Because of the enormously high energy prices, the CDU/CSU and the FDP are calling for the lifetimes of the last three German nuclear power plants to be extended. CDU leader Friedrich Merz warned at the Economic Day of the CDU Economic Council that Germany’s energy supply was at risk. “We’ve been too busy getting out and switching off. It must make you think that no country in the world has wanted to follow us on this path for ten years,” said Merz. He called for the remaining three nuclear power plants to be allowed to run longer and not to do what only a “green minority” wanted.
In the FDP, too, after internal party criticism that the Greens in the traffic light coalition were not able to stand up to enough, the pressure is growing that FDP leader Christian Lindner should address the issue in the government.
The energy suppliers would need at least half a year’s lead time, also to order nuclear fuel. In addition, new security checks would have to be carried out. The nuclear power plants Emsland (Lower Saxony), Isar 2 (Bavaria) and Neckarwestheim 2 (Bavaria) are still in operation and are considered to be among the safest in the world. According to plan, they would go offline at the end of 2022.
Lower Saxony’s head of the FDP and former energy minister, Stefan Birkner, is calling for immediate talks on extending the terms. “We have to have this debate now, it can’t be that the Federal Ministry of Economics rejects this without valid arguments,” Birkner told the Tagesspiegel: “I think that’s irresponsible, especially with a view to the gas price development.”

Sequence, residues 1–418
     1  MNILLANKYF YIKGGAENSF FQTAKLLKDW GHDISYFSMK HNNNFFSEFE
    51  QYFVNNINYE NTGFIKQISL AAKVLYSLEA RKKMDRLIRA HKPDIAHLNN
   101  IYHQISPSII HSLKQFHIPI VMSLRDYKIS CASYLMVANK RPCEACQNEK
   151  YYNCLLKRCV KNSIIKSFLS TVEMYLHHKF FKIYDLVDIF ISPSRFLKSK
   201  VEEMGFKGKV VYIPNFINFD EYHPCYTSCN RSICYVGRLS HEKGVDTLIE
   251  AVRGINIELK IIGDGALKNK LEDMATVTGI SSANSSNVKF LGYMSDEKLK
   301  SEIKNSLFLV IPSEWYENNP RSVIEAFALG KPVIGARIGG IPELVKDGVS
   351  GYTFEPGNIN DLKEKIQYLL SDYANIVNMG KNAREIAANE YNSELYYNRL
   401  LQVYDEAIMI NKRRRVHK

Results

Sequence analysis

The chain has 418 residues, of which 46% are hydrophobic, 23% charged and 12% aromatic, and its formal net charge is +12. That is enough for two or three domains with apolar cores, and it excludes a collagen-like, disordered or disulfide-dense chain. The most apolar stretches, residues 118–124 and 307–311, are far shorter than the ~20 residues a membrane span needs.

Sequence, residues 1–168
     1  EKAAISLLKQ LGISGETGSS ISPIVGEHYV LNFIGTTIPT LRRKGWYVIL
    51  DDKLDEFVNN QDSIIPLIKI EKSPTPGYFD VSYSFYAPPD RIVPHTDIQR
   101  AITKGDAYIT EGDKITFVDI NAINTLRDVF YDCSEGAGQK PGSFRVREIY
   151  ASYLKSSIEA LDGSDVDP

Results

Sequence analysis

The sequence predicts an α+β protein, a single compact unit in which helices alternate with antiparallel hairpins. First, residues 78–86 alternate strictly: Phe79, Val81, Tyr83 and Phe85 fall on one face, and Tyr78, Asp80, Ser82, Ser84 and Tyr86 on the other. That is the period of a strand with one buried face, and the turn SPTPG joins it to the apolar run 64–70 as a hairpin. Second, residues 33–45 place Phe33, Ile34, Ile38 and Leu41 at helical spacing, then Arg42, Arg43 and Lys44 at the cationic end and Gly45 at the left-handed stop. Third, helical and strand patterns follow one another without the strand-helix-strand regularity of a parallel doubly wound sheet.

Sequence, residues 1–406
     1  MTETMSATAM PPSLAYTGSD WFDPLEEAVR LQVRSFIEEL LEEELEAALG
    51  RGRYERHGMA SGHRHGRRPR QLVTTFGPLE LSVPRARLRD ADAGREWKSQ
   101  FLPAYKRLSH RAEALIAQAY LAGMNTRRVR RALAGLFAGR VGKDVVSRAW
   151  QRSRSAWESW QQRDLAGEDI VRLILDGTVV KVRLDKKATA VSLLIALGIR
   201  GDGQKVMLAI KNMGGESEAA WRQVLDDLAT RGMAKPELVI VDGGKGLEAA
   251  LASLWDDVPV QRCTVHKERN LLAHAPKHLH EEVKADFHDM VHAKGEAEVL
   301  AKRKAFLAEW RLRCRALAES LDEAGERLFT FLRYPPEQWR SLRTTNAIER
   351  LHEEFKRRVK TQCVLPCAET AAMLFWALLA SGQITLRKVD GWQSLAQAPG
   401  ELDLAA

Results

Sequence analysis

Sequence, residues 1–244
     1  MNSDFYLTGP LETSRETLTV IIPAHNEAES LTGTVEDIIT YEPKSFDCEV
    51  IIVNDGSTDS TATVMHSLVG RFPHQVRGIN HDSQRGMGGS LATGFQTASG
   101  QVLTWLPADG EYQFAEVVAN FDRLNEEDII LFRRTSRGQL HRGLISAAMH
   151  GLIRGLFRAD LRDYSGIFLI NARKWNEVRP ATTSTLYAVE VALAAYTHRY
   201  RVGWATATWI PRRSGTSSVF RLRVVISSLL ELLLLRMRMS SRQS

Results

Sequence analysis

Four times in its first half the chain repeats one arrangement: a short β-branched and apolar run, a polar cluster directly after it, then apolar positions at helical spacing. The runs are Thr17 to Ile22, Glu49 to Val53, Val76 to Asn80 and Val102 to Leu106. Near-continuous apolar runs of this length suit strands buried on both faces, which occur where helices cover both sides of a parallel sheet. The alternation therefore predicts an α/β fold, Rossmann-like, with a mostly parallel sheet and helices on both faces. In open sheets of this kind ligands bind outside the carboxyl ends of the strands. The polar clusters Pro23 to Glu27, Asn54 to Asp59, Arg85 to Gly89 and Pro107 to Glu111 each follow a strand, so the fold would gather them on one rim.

There is a price-driving shortage as a result of the Russian war, after all, 89 terawatt hours of electricity were recently produced in gas-fired power plants. “An extension of the maturities would send a strong price-dampening signal,” emphasizes Birkner. “This would reduce the electricity demand in gas-fired power plants again and automatically dampen the price.”
Birkner said it was “frankly quite absurd to take an intact, working system offline in the current situation”. It’s not about getting back into nuclear energy, but about the short-term reaction to a crisis: “And the Greens have to jump over their shadows and leave ideology aside.”
Economics Minister Robert Habeck (Greens) renewed his negative attitude at the “Business Day” of the CDU Economic Council. When asked about French energy policy, which is largely based on climate-friendly nuclear power plants, he said: “I have my doubts as to whether this will increase the competitiveness of the French economy in the long term.”
At the beginning of March, Habeck’s Economics Ministry and Steffi Lemke’s (Greens) Ministry of the Environment, which is responsible for nuclear safety, examined the possibility of leaving the nuclear power plants on the grid longer because of Russia’s war against Ukraine. “Both ministries come to the conclusion that an extension of the terms could only make a very limited contribution to solving the problem, and at very high economic costs, constitutional and security risks,” the audit note said at the time. Fuel rods would be missing, and a lengthy safety check would also be necessary. Birkner considers the reasons to be advanced: “What I perceive is that it would be feasible if the political will is there.” He has the impression that Habeck and Lemke are “playing a bit for time” until the shutdown can no longer be reversed do.
Habeck has now instructed several lignite and hard coal power plants that should actually be taken off the grid to only switch to reserve mode. The systems will be shut down, but the crews will continue to be paid and can get the systems up and running within a few hours. However, for climate protection reasons, this is a questionable alternative.